The current fear in the market is likely due to the Atlanta Federal Reserve’s GDPNow tracker, which is an estimate of GDP in real-time, turning negative. Indeed, it is now estimated that GDP will decline by 0.0017% in the second quarter.
If this estimate is correct, it would mean that the U.S. economy has officially entered a recession, which is defined as two consecutive quarters of GDP decline.
Stock futures fell sharply in the early hours of Thursday morning as the Federal Reserve hiked interest rates by 75 basis points, ending the speculation that had kept the market at the edge of its seat.
Futures on the Dow Jones Industrial Average (DJIA) moved 1.88% lower, while those on the S&P 500 (SPX) fell 2.3%, as of 7:07 a.m. EST, Thursday. Meanwhile, the Nasdaq 100 (NDX) futures advanced by 2.72%.
Fed Chair Jerome Powell said that though he is aware that the interest hike is unusually large and uncommon (the largest since 1994), another 75 bps increase in July is not completely off the table. The July hike can be anywhere between 50 and 75 bps, and that decisions on the policy will be made “meeting by meeting.”
By now, everyone has been made aware that inflation that has gotten out of hand, and can only be curbed if the Fed pulls up the interest rate. This would force demand to cool, so that supply can match its pace. The Fed remains aggressively focused on bringing inflation down to 2% by the end of the year.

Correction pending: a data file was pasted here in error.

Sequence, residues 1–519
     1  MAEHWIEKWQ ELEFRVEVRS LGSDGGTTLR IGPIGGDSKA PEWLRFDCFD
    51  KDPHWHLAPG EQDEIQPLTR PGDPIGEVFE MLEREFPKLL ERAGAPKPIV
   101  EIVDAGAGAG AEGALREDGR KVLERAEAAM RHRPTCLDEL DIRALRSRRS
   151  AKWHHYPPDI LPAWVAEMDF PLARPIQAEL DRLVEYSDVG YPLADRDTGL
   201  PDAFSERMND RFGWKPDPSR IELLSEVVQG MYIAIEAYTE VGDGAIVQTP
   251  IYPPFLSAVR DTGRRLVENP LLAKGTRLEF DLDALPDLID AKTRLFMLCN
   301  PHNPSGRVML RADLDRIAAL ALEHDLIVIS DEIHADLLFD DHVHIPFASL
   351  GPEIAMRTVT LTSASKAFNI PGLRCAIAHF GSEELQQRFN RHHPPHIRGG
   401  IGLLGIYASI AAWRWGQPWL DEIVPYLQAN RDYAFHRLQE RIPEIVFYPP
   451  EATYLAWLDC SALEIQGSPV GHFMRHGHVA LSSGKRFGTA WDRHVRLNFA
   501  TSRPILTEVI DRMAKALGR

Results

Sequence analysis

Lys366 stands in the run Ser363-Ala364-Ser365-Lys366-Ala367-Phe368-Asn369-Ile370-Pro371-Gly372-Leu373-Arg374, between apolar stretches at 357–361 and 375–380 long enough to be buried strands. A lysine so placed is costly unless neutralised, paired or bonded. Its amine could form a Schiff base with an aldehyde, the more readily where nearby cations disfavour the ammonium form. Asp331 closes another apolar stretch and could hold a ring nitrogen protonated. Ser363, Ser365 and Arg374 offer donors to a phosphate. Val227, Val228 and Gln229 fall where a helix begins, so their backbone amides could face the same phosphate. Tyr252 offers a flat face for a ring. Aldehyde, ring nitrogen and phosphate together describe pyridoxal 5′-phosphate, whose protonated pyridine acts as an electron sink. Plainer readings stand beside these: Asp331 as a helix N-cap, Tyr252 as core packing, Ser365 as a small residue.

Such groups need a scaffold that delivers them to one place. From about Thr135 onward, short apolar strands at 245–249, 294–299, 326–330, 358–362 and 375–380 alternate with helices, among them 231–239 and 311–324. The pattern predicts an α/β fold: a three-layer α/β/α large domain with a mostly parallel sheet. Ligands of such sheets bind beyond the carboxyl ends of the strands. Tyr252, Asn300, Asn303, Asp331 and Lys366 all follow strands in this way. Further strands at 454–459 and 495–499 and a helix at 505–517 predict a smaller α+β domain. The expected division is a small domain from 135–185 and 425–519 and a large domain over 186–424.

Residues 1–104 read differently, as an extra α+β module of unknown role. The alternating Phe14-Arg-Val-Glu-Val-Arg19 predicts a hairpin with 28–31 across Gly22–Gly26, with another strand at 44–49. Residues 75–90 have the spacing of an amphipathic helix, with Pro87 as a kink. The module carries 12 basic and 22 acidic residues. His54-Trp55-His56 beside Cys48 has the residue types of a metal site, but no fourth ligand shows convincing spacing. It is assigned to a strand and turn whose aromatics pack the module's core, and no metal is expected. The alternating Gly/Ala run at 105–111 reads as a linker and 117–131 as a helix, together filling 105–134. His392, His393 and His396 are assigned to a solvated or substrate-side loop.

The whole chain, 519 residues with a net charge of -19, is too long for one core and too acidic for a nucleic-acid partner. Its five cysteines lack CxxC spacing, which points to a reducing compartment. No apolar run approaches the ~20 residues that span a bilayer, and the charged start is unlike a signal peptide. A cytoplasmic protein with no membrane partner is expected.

Though the market had largely expected this hike rate, sentiments fell after Fed officials significantly reduced the 2022 economic growth outlook to 1.7% GDP rise, which is lower than 2.8% growth projected in March.
The move in the futures market comes after the major indexes ended Wednesday’s regular trading session in the green, with the Dow up 1%, while the S&P 500 climbed 1.46%. The tech-heavy Nasdaq 100 spiked 2.49%.
The short-term interest rate hike is significant to institutions and consumers alike because this is the benchmark rate at which banks borrow, passing the cost on to consumers in the form of higher interest on debt products.
Global inflation has been grabbing everyone’s attention for quite some time now, and a slew of interest rate hikes across major nations have been announced. Most recently, the Bank of England pulled its base rate up by 25 bps to 1%, marking the highest interest rate in 13 years, in order to tame the 40-year high inflation of 9% (as of April). However, the Bank also warned that the British economy may fall into recession.